Any day is a good day to honor people, and November is the time to celebrate families, sacrifices made and the human spirit. So today, we give thanks for you! Our members, volunteers, teachers, sponsors, parents, disability advocates, Veterans, and everyone who works to make the world a better place.
There are many ways we can express gratitude, such as painting a picture of loved ones, praising your child for reading a book, honoring a Veteran, sharing a life experience, hugging a pet, or enjoying a movie that is closed-captioned and accessible.
Whatever holiday or tradition you celebrate this week, here’s to life’s special moments! And with that, we give you a list of titles about Thanksgiving to delight our young members in grades K-12.
Thanksgiving Mice (grades K-2)
Four young mice share the story of how their ancestors came to America with the Pilgrims.
Thanksgiving Rules (grades 2-4)
Percy Gifford offers ten rules to make the most of this holiday—but do they all center around food?
Nickommoh: A Thanksgiving Celebration (grades 2-4)
Native Americans on Narragansett have long celebrated the harvest with a joyous gathering.
If You Were at the First Thanksgiving (grades 2-5)
Over half of the Pilgrims were children. What would life be like if you were among them?
Thanksgiving Day Parade Mystery (grades 3-5)
How could a whole marching band just…disappear?
Turkeys, Pilgrims and Indian Corn (grades 4-6)
Learn more about how the Plymouth settlers lived, thought, worked, and celebrated through this lively examination of holiday symbols.
Smashed Potatoes and Other Thanksgiving Disasters (grades 4-6)
When Megan and Jeremy’s mom can’t make their traditional holiday meal, the kids figure it can’t be too difficult to do themselves.
Thanksgiving Thief (grades 4-6)
Nancy Drew and her friends are hot on the trail of a no-good turkey snatcher!
Constance (grades 6-8)
Experience the first years of the Plymouth colony through the eyes of a young woman discovering what paths her life will take in this new world.
A Great and Godly Adventure (grades 9-12)
An entertaining peek behind the legends that surround our Thanksgiving traditions, looking at how the first year of the Plymouth settlement really unfolded.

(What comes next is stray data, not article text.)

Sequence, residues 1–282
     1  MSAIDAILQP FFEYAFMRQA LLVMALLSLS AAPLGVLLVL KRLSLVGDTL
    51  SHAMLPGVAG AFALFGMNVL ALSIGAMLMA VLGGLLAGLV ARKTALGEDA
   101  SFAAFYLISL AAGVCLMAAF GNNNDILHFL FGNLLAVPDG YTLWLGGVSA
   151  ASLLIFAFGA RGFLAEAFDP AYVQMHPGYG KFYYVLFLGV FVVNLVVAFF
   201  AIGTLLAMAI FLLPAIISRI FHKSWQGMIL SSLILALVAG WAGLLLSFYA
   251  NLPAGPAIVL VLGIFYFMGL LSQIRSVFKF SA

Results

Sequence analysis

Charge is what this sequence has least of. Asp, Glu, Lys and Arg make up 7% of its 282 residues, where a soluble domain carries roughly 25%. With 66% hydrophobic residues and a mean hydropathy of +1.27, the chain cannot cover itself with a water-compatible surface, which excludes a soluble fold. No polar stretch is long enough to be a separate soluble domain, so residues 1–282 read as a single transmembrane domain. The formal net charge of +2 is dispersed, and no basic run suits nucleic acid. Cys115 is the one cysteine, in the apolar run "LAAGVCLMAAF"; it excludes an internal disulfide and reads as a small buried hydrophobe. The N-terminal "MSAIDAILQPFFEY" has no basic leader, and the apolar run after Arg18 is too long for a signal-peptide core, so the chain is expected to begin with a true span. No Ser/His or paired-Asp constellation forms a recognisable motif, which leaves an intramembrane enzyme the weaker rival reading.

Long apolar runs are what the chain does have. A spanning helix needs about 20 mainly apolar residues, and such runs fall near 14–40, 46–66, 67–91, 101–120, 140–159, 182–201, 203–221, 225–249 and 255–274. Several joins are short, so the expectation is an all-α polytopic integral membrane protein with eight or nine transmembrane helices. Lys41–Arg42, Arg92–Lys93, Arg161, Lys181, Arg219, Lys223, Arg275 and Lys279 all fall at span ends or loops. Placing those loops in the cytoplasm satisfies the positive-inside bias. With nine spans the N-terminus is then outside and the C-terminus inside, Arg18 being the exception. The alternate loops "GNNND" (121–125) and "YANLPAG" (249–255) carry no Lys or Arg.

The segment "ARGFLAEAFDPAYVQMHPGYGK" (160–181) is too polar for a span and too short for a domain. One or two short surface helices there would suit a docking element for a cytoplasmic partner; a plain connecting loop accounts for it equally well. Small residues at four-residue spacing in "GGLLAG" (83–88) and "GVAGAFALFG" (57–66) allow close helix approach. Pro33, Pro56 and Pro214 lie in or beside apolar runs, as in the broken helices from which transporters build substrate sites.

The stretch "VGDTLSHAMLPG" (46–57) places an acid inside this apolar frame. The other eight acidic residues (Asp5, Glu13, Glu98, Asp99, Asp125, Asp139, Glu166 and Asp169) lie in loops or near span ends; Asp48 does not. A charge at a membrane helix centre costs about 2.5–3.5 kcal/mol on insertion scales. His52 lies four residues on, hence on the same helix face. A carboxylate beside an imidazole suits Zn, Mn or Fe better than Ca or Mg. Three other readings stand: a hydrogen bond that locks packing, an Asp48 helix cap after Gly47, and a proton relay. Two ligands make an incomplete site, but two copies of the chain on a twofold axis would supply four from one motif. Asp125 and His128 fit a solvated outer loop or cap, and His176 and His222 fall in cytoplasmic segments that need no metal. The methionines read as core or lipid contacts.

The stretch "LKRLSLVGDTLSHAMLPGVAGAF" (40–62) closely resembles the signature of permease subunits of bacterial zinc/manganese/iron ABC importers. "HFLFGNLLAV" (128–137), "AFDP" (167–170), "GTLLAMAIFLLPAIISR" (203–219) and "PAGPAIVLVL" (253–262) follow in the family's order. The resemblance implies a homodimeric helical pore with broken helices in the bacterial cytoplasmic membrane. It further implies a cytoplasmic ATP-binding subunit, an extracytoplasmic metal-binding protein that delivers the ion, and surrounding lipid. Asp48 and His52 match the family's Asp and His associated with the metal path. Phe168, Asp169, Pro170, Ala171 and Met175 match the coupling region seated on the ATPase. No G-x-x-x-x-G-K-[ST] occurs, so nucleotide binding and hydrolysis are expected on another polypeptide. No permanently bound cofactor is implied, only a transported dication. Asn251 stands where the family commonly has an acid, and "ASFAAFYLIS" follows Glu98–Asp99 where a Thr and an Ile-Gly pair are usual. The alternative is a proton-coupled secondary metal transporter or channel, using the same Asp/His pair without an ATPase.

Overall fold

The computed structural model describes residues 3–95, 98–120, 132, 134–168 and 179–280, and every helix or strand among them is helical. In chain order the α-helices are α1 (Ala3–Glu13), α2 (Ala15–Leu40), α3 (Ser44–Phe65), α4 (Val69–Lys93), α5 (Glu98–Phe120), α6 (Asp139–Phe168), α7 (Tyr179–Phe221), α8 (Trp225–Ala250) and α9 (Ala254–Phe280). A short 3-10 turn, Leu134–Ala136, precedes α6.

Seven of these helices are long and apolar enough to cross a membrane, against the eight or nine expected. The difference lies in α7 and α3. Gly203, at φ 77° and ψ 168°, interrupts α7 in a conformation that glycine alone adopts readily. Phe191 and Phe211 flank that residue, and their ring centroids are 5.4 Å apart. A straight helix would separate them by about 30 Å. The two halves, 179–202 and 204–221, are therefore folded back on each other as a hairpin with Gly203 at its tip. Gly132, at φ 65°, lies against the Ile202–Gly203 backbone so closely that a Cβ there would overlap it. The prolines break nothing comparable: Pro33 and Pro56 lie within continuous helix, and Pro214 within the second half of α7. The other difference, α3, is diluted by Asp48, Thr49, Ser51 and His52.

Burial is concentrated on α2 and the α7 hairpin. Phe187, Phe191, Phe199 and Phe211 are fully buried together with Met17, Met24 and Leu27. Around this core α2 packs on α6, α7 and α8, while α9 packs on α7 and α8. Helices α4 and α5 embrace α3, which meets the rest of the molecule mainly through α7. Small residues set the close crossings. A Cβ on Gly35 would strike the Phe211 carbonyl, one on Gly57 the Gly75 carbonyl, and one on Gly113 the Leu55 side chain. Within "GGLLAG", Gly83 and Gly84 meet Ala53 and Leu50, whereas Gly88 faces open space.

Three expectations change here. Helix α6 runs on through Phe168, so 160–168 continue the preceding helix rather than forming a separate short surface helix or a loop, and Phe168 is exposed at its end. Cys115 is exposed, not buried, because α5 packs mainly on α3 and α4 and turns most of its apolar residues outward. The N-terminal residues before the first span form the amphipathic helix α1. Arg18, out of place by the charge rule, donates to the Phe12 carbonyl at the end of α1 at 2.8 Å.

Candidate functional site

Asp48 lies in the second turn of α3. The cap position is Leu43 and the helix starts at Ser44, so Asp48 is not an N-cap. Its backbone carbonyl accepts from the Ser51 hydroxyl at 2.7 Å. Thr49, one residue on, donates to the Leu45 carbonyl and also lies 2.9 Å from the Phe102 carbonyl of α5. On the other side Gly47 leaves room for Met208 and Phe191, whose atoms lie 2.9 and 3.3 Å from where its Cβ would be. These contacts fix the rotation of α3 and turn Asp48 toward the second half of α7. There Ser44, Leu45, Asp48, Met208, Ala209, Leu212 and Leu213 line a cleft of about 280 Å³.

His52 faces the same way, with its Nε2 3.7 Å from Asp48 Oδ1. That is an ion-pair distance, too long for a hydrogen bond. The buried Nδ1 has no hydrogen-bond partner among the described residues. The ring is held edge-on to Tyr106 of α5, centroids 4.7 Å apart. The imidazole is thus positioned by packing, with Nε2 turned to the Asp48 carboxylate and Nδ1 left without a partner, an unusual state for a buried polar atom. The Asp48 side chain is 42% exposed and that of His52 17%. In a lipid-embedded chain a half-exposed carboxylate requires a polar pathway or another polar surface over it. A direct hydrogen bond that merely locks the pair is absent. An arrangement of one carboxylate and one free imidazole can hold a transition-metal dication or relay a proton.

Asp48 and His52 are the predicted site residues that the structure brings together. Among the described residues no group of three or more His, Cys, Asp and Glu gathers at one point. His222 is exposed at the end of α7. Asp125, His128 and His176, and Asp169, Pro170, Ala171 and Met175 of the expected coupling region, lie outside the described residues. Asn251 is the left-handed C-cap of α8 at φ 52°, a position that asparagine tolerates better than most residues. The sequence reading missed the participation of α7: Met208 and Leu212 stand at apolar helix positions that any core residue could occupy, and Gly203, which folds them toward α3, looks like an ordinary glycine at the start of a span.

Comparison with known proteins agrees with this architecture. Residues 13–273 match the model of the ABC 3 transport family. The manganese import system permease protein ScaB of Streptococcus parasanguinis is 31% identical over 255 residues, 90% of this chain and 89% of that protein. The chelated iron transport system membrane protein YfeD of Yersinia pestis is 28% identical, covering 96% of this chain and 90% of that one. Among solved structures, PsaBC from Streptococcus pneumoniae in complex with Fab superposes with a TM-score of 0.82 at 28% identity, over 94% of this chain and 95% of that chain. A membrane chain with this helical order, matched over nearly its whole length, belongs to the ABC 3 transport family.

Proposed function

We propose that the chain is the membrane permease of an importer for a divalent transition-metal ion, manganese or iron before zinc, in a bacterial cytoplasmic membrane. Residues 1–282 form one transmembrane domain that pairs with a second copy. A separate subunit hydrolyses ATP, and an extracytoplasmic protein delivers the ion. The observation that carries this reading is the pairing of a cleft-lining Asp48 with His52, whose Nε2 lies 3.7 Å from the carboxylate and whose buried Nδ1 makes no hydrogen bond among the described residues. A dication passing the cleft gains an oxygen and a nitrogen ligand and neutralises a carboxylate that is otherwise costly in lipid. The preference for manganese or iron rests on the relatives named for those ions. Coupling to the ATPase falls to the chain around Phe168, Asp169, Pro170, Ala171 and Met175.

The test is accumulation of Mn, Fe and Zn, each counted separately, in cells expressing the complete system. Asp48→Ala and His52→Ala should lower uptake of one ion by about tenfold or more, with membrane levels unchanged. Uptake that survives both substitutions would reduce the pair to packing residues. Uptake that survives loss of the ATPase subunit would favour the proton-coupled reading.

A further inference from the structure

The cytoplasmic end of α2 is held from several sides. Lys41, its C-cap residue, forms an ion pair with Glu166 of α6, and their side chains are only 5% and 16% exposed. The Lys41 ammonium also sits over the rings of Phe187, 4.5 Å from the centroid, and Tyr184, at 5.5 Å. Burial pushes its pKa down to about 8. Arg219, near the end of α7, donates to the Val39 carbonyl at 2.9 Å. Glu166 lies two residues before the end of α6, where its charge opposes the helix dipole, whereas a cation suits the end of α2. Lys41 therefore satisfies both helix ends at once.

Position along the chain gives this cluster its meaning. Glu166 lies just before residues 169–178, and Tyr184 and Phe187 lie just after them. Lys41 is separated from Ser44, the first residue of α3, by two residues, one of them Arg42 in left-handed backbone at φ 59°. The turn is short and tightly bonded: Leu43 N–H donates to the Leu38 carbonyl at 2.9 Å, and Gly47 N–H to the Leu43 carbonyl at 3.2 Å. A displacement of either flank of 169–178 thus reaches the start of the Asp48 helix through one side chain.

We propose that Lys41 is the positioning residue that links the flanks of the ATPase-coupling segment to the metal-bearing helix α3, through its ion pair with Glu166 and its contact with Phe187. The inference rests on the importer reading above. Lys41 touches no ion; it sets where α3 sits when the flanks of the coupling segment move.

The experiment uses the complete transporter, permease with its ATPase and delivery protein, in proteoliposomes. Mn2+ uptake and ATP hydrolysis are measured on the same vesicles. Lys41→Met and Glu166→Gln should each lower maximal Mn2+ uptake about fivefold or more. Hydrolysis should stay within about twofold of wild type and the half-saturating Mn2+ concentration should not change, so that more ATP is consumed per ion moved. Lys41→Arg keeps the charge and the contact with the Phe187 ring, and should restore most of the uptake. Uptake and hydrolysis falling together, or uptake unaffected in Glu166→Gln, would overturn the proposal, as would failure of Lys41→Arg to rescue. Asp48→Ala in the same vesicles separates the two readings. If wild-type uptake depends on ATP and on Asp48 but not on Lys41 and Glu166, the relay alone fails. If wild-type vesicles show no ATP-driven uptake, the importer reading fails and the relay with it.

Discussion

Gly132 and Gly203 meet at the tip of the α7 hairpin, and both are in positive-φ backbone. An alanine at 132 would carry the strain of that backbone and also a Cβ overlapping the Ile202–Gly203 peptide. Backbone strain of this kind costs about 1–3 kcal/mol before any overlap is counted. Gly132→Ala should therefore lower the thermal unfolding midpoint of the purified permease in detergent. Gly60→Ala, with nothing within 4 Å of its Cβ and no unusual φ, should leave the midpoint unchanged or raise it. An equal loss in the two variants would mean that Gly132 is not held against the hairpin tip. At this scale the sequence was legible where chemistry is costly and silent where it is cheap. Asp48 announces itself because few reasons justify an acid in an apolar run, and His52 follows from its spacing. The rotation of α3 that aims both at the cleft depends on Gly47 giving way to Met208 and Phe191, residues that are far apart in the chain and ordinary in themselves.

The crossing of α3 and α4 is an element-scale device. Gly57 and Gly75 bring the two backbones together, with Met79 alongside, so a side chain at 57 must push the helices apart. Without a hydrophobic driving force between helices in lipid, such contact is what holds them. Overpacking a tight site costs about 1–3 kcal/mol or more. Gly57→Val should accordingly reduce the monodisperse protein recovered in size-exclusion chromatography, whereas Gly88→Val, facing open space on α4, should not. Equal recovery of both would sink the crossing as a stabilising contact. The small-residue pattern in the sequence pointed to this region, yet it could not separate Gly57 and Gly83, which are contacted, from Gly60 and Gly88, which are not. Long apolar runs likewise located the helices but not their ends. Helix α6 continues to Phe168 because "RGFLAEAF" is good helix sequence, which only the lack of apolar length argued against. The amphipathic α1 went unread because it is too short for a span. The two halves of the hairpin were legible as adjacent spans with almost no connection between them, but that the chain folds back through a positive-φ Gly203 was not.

Special thanks to our Bookshare Collections Department for always creating super fun reading lists!
Earlier this year, at our member party at the National Federation of the Blind (NFB) conference (2013), we met lots of cool members! One of these members, was 17 year old, Jessie Rogers, a budding teen author. Jessie’s first book is Fairy Sight, about a magical orb and it’s now available in the Bookshare collection and on Amazon.
Fairy Sight is about a magical orb that protects the kingdom of Adoraun. When the orb disappears, the prince believes his betrothed bride has taken it. He sets out on an adventure to regain the stolen magic and is thrust into a perilous battle with evil. Jessie had the inspiration to write the book after a visit to a local museum where she touched a plasma ball. Now, she goes by the pen name, ‘Blind Writer,’ and when asked about her disability, she says, “Yes, I’m blind, but I will never let that fact darken my world.”
This avid reader fell in love with words in 3rd grade through the encouragement of her teacher aide, Gladys Justice. Jessie pays tribute to Mrs. Justice in her book for the love and support. As a young child, Jessie was encouraged to write poetry, songs and short stories. She also loved spending time in her library in Churchill TN reading/listening to audio books. In 7th grade, a vision teacher introduced her to Bookshare. “That’s when my voracious appetite for reading grew exponentially!” shared Jessie. “You can find and read books faster in digital accessible formats.”
Jessie says, “I love Bookshare because the collections are vast and include my favorite genres — magic, vampires, and science fiction. Books are easy to download directly to my smart phone with Read2Go or to my Victor Reader Stream.” She estimates that she has 20 books downloaded on her reading list today and typically reads two books at a time. Her favorite book is “Moss Flower” by Brian Jacques and she also enjoys titles by Scott Westerfield and P.C. Cast, who writes the “House of Night” series. A quick search in the Bookshare library on science fiction holds more than 10,100 titles.